Eye development in southern calamary, Sepioteuthis australis, embryos and hatchlings
Bozzano, A and Pankhurst, PM and Moltschaniwskyj, NA and Villanueva, R, Eye development in southern calamary, Sepioteuthis australis, embryos and hatchlings , Marine Biology: International Journal on Life in Oceans and Coastal Waters, 156, (7) pp. 1359-1373. ISSN 0025-3162 (2009) [Refereed Article]
Abstract Eye development, optical properties and photomechanical
responses were examined in embryos and
hatchlings of the southern calamary, Sepioteuthis australis.
This species occurs in shallow coastal waters in Australia
and New Zealand, and the egg masses were collected in
October and December 2004 from Great Oyster Bay, Tasmania.
At the earliest developmental stage the eye of the
squid was comprised of a hemispherical cup of undiVerentiated
neural retina, while presumptive iris cell layers and
lentigenic precursor cells enclosed a posterior eye chamber.
DiVerentiation of the proximal and distal processes was
observed in correspondence with the cornea development
and lens crystallization, and occurred before diVerentiation
of the neural retina, which was complete prior to hatching.
Longer photoreceptor distal processes were Wrst observed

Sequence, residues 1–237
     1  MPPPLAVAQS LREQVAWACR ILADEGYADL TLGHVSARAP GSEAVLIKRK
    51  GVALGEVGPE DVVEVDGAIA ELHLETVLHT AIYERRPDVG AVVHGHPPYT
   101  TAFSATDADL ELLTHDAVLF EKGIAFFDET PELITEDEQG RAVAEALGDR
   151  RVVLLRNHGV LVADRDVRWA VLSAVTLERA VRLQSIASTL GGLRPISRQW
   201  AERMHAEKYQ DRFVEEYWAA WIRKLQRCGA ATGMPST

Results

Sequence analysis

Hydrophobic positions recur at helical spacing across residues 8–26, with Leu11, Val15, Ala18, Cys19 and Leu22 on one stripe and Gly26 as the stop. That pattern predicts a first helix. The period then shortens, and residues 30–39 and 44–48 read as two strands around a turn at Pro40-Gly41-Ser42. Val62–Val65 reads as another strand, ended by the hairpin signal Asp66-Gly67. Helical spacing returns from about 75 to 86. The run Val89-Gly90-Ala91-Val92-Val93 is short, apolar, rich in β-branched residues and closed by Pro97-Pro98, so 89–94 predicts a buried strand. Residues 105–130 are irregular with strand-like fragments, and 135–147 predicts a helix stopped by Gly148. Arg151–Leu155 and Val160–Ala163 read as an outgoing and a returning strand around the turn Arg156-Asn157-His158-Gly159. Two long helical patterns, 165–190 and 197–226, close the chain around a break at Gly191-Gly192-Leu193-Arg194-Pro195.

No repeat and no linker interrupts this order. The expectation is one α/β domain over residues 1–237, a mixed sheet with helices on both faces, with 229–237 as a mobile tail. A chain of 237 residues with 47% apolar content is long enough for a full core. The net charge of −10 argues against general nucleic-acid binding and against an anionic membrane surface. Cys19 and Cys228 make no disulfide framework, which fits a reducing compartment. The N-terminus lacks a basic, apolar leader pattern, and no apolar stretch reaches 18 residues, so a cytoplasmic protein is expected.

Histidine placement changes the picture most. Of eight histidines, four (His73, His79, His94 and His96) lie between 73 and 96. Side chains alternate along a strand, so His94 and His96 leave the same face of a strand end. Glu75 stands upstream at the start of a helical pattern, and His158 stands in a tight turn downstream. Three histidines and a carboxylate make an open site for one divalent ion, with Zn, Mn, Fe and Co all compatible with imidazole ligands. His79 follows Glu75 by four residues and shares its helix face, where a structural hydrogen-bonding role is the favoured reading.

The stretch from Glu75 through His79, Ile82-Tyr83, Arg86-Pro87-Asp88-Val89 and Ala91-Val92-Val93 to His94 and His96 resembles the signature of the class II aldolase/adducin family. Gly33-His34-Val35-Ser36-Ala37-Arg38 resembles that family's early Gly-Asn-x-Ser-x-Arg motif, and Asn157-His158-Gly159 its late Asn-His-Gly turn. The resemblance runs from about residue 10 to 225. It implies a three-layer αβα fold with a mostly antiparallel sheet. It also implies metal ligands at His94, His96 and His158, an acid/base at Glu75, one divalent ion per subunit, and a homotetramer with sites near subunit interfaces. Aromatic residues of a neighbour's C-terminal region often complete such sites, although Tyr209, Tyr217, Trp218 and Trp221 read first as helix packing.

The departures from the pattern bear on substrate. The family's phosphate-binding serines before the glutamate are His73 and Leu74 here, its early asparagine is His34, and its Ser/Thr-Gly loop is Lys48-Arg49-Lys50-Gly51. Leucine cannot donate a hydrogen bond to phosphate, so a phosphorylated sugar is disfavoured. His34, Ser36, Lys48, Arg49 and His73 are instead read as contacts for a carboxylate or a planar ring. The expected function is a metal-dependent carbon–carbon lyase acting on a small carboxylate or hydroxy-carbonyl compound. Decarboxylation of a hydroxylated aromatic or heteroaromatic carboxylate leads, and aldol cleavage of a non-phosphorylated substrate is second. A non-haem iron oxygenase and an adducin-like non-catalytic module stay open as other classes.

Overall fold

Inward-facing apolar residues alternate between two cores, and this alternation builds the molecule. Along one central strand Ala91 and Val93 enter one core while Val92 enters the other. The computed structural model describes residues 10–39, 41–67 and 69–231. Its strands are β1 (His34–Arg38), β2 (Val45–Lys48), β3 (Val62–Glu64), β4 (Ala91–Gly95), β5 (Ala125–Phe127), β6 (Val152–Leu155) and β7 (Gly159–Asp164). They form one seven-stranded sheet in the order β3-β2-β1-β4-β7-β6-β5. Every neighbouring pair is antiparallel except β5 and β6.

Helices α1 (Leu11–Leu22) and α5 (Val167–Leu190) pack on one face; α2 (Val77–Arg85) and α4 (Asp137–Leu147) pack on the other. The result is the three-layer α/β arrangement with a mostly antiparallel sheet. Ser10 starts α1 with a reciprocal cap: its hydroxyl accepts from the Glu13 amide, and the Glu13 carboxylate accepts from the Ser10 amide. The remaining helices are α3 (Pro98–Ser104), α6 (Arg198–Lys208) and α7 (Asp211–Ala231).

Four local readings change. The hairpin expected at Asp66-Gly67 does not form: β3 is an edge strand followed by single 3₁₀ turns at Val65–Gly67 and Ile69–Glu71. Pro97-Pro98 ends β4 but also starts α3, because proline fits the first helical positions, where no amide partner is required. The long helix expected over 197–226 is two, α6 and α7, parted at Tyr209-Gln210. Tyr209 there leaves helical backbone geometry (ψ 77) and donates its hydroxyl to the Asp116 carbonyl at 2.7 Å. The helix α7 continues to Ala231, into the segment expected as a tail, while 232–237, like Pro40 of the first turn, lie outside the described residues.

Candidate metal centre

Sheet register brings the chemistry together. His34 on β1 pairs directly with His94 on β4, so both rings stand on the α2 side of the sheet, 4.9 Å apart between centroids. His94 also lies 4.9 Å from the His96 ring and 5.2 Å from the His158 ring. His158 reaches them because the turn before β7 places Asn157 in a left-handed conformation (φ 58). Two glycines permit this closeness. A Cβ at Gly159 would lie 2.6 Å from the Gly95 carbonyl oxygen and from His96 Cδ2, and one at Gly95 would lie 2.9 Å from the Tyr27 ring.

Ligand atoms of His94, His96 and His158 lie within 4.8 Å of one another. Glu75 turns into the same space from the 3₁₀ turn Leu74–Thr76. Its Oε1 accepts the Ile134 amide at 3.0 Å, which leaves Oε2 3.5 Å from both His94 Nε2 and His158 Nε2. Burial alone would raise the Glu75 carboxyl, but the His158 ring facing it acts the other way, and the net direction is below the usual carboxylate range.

just prior to hatching in the dorsal-posterior retina. After
hatching, this diVerence was much more evident and higher
photoreceptor density was found in the central retina. This
indicates that the eye of S. australis at this age uses diVerent
retina areas for diVerent visual tasks. Optical sensitivity
and resolution suggest that juvenile S. australis are diurnal.
This study also found functional photomechanical
responses of visual screening pigment migration and pupil
constriction in S. australis embryos, although complete
functionality of the pupil at this stage was uncertain.
However, the pupils of squid aged 2 days closed almost
completely under bright conditions, showing that photomechanical
responses were highly developed in the juvenile
squid. These Wndings indicate that squid embryos are able
to perceive visual stimulation, suggesting an early reliance
on vision for survival after hatching.